Sadly, the U.S. is no stranger to substance use disorders. According to a study published by Johns Hopkins Medicine, the medical school of Johns Hopkins University, substance use disorders affect the lives of more than 20 million Americans aged 12 and over.
Most of these same individuals have what they describe as their go-to drug, making the country’s substance abuse crisis even more varied and complex. One of the drugs that many Americans consider their go-to is prescription-based opioids, a wide range of Schedule II drugs that interact with opioid receptors in the central nervous system (CNS).
The prescription opioids that are especially popular among individuals who say opioids are their go-to drugs include morphine, heroin, codeine, oxycodone, hydrocodone, and fentanyl. Those who can’t get their hands on these prescription opioids, either because they can’t get a prescription from a licensed physician or perhaps can’t afford them, usually turn to heroin, a street-level opioid.
What Everyone Should Know About the Opioid Crisis in America
The first thing to note when it comes to opioids is they are very addictive, and the reason why that’s the case has a lot to do with how they interact with the brain and body. According to the Centers for Disease Control and Prevention (CDC), opioids do an excellent job when it comes to providing relief from moderate-to-severe pain. Because of that, many physicians will prescribe them to individuals who have undergone surgery or suffered a severe injury. They are also routinely prescribed to individuals diagnosed with cancer and other chronic diseases in which pain is a component. Issues arise when individuals don’t take these powerful drugs as directed by their physician or switch to taking heroin, the street-level variant. As of the writing of this article, an estimated 2.7 million Americans are struggling with an opioid disorder, and the reasons why might surprise you.
What Makes Opioids So Addictive?
In short, opioids can and often do activate powerful reward centers in the brain. This action helps with pain management, but it is also the very thing that makes opioids highly addictive. When someone takes prescription or street-level opioids, those drugs attach to opioid receptors throughout the CNS, which comprises the brain and spinal cord. That attachment prompts the body to release above-average amounts of endorphins, hormones released by the body when individuals are stressed or are in pain. The increase in endorphins, in turn, triggers an uptick in the production of dopamine, a neurotransmitter in the brain responsible for the short-lived euphoric high associated with taking opioids. The longer someone takes these drugs to achieve a euphoric high, the more likely it is for addiction to occur. Some common signs that might suggest someone is abusing opioids include the following:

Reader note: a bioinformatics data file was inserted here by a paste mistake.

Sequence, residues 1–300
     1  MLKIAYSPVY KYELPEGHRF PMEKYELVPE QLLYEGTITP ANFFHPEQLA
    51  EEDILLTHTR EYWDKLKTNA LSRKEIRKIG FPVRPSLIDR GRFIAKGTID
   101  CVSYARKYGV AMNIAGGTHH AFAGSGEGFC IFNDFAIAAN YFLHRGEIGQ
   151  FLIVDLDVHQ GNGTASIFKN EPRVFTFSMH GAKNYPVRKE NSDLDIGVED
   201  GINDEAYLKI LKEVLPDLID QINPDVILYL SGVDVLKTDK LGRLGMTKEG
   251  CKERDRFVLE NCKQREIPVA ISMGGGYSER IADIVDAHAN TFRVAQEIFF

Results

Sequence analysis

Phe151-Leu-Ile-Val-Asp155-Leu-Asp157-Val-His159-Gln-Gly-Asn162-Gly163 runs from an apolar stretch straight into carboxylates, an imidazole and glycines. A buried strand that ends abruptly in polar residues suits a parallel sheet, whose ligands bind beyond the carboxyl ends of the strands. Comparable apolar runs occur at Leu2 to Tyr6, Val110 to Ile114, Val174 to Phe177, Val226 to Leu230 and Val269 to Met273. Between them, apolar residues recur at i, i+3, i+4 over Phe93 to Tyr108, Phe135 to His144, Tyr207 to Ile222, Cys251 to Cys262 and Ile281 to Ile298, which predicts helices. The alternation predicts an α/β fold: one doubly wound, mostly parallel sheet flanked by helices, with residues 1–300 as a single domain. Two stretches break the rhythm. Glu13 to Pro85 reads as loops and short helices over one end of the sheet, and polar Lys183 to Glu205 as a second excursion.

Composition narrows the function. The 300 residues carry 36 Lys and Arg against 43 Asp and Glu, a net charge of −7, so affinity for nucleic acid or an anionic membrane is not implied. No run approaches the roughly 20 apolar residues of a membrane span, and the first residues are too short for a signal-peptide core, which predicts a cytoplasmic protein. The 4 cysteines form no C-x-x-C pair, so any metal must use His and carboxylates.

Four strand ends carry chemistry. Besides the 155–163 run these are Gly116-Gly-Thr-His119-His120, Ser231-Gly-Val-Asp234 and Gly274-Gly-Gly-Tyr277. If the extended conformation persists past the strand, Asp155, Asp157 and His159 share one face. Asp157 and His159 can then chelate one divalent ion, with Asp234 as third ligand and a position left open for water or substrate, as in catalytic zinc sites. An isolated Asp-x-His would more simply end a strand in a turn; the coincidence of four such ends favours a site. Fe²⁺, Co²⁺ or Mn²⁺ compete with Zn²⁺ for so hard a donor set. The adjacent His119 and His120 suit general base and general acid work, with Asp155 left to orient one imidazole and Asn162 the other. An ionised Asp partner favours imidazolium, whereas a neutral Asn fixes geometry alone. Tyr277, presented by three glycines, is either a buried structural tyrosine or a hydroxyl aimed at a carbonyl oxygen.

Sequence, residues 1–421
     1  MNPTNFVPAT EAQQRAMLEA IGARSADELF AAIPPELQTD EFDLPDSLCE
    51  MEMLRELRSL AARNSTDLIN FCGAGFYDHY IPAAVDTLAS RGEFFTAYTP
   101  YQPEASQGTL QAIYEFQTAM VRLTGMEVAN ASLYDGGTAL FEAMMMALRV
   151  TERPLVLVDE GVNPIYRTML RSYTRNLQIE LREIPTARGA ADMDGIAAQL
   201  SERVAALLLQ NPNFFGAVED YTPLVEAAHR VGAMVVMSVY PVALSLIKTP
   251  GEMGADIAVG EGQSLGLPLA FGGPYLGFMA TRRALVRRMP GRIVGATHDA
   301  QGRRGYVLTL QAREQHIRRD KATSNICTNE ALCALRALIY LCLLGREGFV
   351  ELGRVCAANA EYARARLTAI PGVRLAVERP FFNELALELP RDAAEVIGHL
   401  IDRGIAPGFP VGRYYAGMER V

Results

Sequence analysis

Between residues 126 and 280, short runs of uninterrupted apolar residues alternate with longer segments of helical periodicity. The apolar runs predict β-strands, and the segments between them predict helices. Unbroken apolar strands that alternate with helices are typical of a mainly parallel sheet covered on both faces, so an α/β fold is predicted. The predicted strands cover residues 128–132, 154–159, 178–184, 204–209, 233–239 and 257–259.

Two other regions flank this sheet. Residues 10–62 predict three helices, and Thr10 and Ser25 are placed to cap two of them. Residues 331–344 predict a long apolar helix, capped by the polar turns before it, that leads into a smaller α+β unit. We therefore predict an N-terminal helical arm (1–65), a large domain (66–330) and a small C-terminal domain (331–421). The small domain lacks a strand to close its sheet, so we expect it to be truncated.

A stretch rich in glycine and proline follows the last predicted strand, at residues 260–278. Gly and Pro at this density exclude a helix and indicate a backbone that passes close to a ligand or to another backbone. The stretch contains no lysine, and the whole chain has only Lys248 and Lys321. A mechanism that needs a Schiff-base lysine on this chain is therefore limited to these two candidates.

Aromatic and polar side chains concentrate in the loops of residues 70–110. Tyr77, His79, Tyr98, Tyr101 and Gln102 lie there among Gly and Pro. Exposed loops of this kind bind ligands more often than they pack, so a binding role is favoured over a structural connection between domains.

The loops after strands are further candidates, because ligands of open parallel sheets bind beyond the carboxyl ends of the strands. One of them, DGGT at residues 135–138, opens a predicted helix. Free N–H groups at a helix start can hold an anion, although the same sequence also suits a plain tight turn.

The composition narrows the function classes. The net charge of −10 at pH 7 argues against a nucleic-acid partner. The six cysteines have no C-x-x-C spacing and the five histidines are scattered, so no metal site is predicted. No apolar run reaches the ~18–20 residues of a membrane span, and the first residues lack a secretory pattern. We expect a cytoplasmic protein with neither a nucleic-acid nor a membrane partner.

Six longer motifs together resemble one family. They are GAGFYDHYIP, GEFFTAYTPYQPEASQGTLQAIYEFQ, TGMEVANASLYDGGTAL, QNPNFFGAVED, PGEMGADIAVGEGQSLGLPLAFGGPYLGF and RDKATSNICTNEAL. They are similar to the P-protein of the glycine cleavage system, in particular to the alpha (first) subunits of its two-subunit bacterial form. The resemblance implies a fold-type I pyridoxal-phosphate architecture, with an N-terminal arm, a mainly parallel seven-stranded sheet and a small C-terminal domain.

- Weight loss
- Itchy skin
- Joint and muscle pain
- Nausea and vomiting
- An inability to concentrate
- Mood swings
- Anxiety and depression
- Distorted perception of reality
How To Avoid an Opioid-based Substance Use Disorder
Most people who end up abusing and ultimately becoming addicted to opioids initially took them for legitimate reasons, and they took them as prescribed by their physician. When they stopped taking them as prescribed, they developed an addiction. Bearing that in mind, the best way to avoid an opioid addiction is to either steer clear of these powerful narcotic drugs altogether or to be diligent about taking them as prescribed if you absolutely must be on them. If you must be on opioids, you should also avoid combining them with any of the following drugs since doing so can open the door to the development of an opioid disorder:
- Muscle relaxants
- Other prescription or street-level opioids
When it comes to equally powerful street-level opioids, such as heroin, saying no if someone offers it to you is a surefire way to avoid falling victim to an opioid disorder. All told, opioids are a double-edged sword in that they can quickly relieve severe pain, but at the same time, they are highly addictive drugs that can completely turn someone’s life upside down. That all being said, if you’re struggling with an opioid use disorder and need help regaining control over your life, consider speaking with one of our associates today at 833-610-1174.